Last time I spoke of the emotions that are built up because of things that are said or not said and the wish that things could have been different, better or more. I also noted that these things need to be resolved or completed. Today I will discuss ways that can be accomplished.
First of all, it is important to remember that relationships are personal and different with everyone. Even if you have experienced grief in the past, it will be different and unique for each person that passes, as well as different and unique for each child or person that experiences the same loss. It is important to be a leader in completing the relationship without forcing personal ideas or parts of your relationship on those you are trying to help. In the following steps you need to remain neutral, and the child must feel safe to openly express their true feelings.
A natural consequence of a relationship ending, whether through death or other means, is reviewing the relationship by looking at the “good times,” or the hardships, things we regret, or hopes that will never be. It is good to review and talk about our relationships. In this review as a parent you are trying to help the child identify their true emotions--they can be a full spectrum of emotions such as sadness, anger, joy, or amusement. The child should be able to talk freely. Your child may need some coaching. The book, When Children Grieve, gives a check list of areas that may elicit emotion in the child (see pages 139-142). Some of these things may apply and some may not. It talks about being careful not to make an issue where there is not an issue. The emotion the child has may be positive or negative. It is important that the child can express the emotion without feeling like he/she will be judged for the emotions.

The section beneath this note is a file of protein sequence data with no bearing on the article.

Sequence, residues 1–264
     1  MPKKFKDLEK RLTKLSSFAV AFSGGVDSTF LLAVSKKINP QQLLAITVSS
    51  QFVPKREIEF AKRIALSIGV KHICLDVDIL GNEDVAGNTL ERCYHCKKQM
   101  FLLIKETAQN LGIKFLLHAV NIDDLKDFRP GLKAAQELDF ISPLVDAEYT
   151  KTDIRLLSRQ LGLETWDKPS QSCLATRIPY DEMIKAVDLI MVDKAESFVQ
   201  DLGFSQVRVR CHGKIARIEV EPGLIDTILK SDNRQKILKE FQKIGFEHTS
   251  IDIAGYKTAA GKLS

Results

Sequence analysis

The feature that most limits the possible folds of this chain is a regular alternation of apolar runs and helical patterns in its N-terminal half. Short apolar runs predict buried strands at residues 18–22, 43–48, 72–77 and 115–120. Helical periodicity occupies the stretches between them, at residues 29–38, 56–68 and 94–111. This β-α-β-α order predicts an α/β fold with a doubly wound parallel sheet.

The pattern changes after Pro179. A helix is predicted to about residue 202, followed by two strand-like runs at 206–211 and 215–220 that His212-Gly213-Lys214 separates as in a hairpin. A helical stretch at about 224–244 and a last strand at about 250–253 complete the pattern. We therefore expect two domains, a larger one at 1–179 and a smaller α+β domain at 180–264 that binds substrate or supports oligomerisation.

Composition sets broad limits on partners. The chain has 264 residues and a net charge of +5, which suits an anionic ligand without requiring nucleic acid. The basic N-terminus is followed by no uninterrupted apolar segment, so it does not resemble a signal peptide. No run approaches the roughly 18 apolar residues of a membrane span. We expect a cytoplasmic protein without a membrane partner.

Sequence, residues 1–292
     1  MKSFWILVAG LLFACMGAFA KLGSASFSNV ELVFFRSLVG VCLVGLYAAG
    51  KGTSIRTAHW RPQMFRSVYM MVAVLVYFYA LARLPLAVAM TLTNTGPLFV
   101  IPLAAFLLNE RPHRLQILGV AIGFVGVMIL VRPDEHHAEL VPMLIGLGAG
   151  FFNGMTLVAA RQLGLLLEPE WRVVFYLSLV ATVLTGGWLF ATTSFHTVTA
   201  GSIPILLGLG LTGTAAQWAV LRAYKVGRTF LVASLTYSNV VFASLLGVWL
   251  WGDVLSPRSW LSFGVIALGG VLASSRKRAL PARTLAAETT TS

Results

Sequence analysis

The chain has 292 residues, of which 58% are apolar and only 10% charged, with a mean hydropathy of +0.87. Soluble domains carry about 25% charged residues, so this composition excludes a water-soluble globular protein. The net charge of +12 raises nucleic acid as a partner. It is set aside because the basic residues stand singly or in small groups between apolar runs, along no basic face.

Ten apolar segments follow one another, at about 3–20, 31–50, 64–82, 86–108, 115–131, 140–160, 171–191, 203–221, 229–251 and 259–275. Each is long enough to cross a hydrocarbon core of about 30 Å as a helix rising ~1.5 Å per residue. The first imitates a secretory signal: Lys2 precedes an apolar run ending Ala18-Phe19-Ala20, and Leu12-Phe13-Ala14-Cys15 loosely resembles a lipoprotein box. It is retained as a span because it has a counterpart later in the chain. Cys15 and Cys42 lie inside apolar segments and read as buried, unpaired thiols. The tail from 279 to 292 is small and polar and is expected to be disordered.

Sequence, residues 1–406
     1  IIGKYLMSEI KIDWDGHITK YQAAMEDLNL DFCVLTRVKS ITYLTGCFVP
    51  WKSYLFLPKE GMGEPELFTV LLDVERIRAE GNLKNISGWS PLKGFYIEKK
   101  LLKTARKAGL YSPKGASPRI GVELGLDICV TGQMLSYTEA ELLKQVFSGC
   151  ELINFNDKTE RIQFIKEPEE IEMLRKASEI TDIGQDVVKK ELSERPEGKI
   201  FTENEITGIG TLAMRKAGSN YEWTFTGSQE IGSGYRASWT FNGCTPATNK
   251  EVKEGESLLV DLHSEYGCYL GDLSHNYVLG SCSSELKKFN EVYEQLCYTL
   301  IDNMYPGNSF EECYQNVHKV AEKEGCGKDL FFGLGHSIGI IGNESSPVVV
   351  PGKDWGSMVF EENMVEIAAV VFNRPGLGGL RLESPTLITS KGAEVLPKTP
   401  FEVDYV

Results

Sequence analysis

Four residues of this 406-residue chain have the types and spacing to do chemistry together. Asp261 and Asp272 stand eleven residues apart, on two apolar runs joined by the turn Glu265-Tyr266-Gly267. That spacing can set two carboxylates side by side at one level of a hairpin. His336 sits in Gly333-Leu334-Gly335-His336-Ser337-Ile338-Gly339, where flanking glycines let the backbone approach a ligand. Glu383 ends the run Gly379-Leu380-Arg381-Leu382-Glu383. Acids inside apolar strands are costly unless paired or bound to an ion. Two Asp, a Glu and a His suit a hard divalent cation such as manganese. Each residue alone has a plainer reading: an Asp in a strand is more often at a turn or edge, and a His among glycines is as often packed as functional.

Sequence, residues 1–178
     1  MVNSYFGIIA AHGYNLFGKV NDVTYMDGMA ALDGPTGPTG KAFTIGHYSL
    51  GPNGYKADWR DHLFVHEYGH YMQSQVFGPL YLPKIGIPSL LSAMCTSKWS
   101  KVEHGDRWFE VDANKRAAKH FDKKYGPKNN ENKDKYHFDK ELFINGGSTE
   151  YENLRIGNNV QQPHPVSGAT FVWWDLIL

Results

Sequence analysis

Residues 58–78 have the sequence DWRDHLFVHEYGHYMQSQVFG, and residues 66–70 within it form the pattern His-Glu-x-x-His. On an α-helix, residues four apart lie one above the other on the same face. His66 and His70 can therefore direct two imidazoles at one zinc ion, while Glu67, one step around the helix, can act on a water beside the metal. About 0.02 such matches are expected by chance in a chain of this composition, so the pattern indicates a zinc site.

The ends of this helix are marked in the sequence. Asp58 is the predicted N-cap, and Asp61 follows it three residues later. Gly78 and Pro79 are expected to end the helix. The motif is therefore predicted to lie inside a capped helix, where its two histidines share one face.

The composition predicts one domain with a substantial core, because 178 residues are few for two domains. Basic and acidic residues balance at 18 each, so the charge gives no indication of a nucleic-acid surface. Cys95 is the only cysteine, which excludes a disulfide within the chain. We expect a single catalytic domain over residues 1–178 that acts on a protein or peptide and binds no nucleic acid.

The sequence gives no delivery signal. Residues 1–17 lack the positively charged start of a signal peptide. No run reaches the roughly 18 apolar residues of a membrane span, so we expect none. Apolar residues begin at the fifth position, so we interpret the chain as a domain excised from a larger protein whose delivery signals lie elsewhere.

The check list can be used as a guide to help the child recognize emotions, and also to find areas that are left incomplete--emotions that need to be resolved. The best way is to start the child talking by introducing the topic. For example, if a grandmother had passed away, you can express some of your memories like baking cookies with grandma and how you miss her, and that sometimes you still feel sad because you cannot make cookies with her anymore. Then continue with a question like, “How do you feel about that?” This way you are inviting your child to talk and have shown him/her that it is okay to express feelings of sadness. Your child may or may not open up, but you have given the child an opportunity to express feelings.
The check list includes:
Meeting or first awareness
How are you related
Special names for this person ie. Nana
Took care of the child or stayed at their home
Punishing or easy going
Gifts, lack of gifts and/or better gifts to siblings or others
Trips to their house
Visits to the children’s home
Smells associated with the person
Fights with Mom or Dad
Very safe and easy to be with or talk to
Pinches cheek too hard, teases, embarrasses
There is a lot more in the list for if they lived close by, or if they lived far away, if they had a long term illness, what it like was near the end, how the child found out about the death, and event and anniversaries that happen after the death.
This is just the start. I will describe what to do next after you have reviewed the relationship in my next blog.